Illustration by Nicole Stevenson
Back in the old days of the Internet, long before Web 2.0 brought social media to the forefront, online human interaction happened in forums, chat rooms and — once the tech was stable enough — blog comments.

Now, with social media taking up over a quarter of the time people spend online, we take for granted that technology helps us connect with people.

As small business owners, social media is at the heart of how we reach our clients and customers. We focus on relatively new platforms like Instagram and Pinterest – Facebook is a dinosaur in comparison – yet in the face of an endless stream of social sharing and promoting, it’s the humble online community that’s making a comeback. Only, this time around, it’s being used as a business tool.

Meighan O’Toole is a social media strategist who started a private Facebook group for her business in 2014, in part because of how little engagement she generated on her fan page. A former community manager at Wikia (Wikipedia’s for-profit sister site) and Wired Magazine, O’Toole says she wanted to offer a space where she could meet new customers and where people could form connections with each other.

“I wanted a way to connect with my potential clients and people who enjoyed my content in a more direct way,” O’Toole says. “I also wanted a place where artists, makers and shop owners could ask questions, share resources regarding creating an online presence, and create relationships with others.”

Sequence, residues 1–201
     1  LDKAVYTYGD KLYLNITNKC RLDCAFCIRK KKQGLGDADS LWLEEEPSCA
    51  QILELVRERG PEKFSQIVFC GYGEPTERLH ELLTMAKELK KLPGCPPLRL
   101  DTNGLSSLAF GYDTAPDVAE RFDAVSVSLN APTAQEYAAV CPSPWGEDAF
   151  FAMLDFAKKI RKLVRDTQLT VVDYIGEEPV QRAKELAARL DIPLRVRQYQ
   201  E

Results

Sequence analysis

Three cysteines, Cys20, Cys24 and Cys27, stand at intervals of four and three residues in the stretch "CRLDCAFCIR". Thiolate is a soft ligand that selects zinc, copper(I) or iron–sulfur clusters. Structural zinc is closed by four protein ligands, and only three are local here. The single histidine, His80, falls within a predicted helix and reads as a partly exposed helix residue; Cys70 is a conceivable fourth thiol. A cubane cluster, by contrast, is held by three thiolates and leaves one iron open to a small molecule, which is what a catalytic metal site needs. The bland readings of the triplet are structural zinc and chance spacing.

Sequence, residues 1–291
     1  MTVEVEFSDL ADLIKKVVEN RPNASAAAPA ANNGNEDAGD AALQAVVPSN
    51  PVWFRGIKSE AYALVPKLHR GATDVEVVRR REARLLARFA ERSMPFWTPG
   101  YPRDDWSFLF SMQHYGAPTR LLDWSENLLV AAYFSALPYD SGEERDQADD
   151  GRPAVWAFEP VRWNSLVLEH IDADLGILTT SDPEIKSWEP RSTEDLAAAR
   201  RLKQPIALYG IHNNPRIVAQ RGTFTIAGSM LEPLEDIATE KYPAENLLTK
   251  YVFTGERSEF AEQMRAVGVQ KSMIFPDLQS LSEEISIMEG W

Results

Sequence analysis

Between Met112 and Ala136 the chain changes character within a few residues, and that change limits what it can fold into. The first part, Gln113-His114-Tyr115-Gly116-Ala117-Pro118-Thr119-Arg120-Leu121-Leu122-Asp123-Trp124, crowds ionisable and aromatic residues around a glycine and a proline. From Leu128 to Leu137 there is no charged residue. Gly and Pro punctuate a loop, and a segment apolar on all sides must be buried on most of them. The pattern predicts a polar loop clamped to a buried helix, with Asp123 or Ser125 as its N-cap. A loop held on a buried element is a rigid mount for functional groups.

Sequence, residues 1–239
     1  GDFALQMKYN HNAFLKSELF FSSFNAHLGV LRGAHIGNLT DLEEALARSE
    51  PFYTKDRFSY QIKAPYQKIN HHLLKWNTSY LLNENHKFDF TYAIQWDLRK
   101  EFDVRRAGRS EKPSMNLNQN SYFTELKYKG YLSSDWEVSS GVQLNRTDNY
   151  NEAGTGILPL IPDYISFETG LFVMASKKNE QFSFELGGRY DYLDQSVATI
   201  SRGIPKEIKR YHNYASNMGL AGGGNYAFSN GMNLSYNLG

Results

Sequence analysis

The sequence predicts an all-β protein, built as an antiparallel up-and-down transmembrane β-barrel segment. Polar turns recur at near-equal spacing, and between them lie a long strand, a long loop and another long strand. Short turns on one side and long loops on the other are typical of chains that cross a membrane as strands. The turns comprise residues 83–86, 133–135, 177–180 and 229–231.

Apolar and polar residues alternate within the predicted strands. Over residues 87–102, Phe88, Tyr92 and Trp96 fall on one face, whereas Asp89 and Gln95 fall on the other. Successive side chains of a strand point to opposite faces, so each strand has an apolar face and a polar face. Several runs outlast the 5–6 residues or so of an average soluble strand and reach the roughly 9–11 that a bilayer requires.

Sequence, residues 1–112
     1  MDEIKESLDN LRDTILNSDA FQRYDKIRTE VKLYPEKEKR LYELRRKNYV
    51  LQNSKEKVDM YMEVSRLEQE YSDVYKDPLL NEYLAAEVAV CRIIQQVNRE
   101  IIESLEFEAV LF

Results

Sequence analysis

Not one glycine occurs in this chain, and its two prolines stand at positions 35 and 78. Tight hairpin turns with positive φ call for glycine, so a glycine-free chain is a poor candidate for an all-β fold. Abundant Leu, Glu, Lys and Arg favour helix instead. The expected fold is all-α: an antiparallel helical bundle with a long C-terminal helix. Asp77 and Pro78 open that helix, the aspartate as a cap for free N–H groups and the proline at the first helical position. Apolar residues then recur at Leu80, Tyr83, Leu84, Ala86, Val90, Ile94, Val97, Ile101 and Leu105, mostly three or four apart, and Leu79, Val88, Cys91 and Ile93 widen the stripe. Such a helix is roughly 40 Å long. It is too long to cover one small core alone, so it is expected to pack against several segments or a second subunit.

It’s the ability to create and foster relationships that led the founders of Midwest Craft Con to start a secret Facebook group for the speakers and attendees of the event.

Inspired by a different conference’s online community, conference co-founder Grace Dobush says her team initially set their group up as an easy way to communicate as they planned the event, but that it “quickly morphed into a group for all the attendees and speakers.”

Facebook has two kinds of private groups: closed and secret. Closed groups’ posts are only visible to members of the group, but the group’s existence is public and any Facebook member can request permission to join. Secret groups, in contrast, are hidden from search results, and people can only join when directly invited by the group’s administrators.

Though Facebook seems to be the most popular platform on which small businesses host their online communities and is, as Dobush points out, a site where many people check in at least daily, owners of niche businesses have found success hosting their communities on other platforms that are more dedicated to their niche.

Crochet designer Stacey Trock and knitwear designer Laura Nelkin each host a lively group on Ravelry.com, the website for yarn crafters. All Ravelry groups are open to any member of the site. In addition to simply building community surrounding their designs and books, both designers set up their groups as an attempt to spend less time answering customers’ questions.

“I needed a place that people could go to ask questions about my patterns and get support from other knitters. It was originally an attempt to get less e-mail,” Nelkin says.

Trock came from a similar place: “I wanted my customers to be able to help each other out. I might not be awake at 3 a.m. to answer a question, but with a large group, chances are that someone in the world is and is happy to chime in.”

Beyond having group members help each other out, the designers were eager to create a place where crafters could share the projects they make from their patterns, in the hope that those projects would inspire other members to make more purchases.

Where to Start

If you want to start a group for your business, O’Toole recommends first deciding exactly what you want the group to help you achieve.